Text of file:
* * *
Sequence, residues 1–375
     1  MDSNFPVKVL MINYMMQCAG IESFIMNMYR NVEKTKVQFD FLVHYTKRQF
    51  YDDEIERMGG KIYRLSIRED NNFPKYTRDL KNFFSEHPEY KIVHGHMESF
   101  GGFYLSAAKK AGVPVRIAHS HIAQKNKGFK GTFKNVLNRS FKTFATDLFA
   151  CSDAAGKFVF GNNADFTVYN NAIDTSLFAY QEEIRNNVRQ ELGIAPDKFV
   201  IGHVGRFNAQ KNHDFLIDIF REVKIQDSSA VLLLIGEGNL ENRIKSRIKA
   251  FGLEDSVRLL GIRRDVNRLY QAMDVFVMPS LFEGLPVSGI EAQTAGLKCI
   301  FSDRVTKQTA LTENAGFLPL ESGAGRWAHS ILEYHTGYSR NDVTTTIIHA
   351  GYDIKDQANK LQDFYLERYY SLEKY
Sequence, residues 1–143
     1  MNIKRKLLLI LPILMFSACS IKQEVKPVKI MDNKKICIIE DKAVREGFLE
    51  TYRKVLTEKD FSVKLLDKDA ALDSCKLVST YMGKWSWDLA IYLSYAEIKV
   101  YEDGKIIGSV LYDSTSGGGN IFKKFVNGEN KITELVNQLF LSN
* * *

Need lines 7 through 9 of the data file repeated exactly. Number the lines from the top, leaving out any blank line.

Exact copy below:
   251  FGLEDSVRLL GIRRDVNRLY QAMDVFVMPS LFEGLPVSGI EAQTAGLKCI
   301  FSDRVTKQTA LTENAGFLPL ESGAGRWAHS ILEYHTGYSR NDVTTTIIHA
   351  GYDIKDQANK LQDFYLERYY SLEKY